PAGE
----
Is water management an important smart home driver?

Resideo acquires water management device maker Buoy Labs.

Resideo, the Honeywell spin-off, is making good on its pledge to focus on comfort, security, air quality, and water usage. Buoy Labs, founded in 2015 in Santa Cruz, California, makes a device installed by a plumber on a home’s primary water line and provides information about water consumption. CEPro

dis-rup-shun: Water, perhaps more than electricity, is becoming a scarce resource, and detecting leaks or floods are critical to preventing damage to the home. Eco-friendliness, however, has never been a sufficient market driver to sustain suppliers of smart home equipment. If municipalities choose to subsidize the cost of water control equipment in order to educate consumers on how to use water more wisely, they could drive the market. What is more likely, however, is that insurance companies provide discounts to those that install water management systems that can prevent disasters and enable insurers to collect detailed data about their customer’s water usage.

 

The beginning of the 2019 IPO flurry.

Lyft’s $2.2B IPO last week scored prices of 11x revenue. The IPO price is deemed to be reasonable by analysts who site that Lyft is both a high growth and positive cash flow unicorn. TechCrunch

dis-rup-shun: There is increasing pressure on other unicorns, including Uber and AirBnB to get listed before the oft-speculated recession of 2019 arrives. But first, Uber has done some shopping, paying $3.1B to acquire a Middle Eastern competitor, Careem. The move likely is designed to provide more punch to the upcoming IPO and justify higher prices than Lyft.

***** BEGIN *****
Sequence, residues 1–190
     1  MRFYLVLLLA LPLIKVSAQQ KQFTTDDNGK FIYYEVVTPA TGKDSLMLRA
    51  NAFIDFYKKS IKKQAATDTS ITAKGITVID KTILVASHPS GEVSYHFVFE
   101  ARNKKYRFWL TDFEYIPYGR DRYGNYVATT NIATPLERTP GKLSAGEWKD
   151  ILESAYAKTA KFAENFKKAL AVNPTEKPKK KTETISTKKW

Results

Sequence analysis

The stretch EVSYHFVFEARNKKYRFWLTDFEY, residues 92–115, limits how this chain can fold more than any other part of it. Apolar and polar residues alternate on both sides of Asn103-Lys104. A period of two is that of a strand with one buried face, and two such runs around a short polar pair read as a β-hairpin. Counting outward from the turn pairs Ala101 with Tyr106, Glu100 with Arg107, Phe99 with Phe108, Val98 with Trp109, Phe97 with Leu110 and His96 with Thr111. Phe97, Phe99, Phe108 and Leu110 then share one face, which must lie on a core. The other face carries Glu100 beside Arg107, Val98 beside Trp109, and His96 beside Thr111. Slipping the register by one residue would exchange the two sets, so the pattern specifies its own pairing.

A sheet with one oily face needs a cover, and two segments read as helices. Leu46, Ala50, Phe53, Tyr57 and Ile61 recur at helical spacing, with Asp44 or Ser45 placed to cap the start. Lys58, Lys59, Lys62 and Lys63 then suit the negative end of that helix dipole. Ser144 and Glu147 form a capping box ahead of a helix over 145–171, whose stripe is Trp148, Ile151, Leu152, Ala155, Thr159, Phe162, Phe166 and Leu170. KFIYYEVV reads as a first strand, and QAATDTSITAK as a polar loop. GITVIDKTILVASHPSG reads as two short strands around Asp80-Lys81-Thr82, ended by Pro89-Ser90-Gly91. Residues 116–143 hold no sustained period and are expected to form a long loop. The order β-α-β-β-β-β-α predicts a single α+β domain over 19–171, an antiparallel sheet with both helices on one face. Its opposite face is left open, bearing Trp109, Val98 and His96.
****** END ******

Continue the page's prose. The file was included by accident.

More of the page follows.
Canon CLIQ camera joins Fuji in instant camera with printer built in.
The CLIQ is a camera and a printer that holds up to 10 sheets of paper and comes in two models for $100 or $160. The 8 megapixel camera prints instantly on 2×3 inch paper stock. TechCrunch

dis-rup-shun: The photo printing industry, including pioneers Polaroid and Kodak were mortally wounded by digital photography then finished off by the ubiquity of the smart phone. Consumer expectations today are for instant (not next day) results, and an instant printer may be the novelty that gets you all the attention at the next birthday party — but don’t expect photo supplies to be the next growth industry as this application is niche-y at best.

 

SmartThings picks up another smart home device partner.

FIBARO, an elegant line of Z-Wave-powered devices from a Poland-based smart home device company has announced compatibility with Samsung’s SmartThings platform, meaning that FIBARO owners can now add dozens of devices to their smart homes. CEPro

dis-rup-shun: DIY smart home technologies are becoming, slowly but surely, more mainstream, but are still limited by many incompatible and incomplete choices. SmartThings offers the widest array of compatible DIY devices and may eventually create a large enough collection of devices that smart home innovators will focus energy on building intelligent applications that sit on top of SmartThings’ hardware. Just like the early PC and smartphone days, rapid innovation will flourish once an open and complete hardware platform exists.

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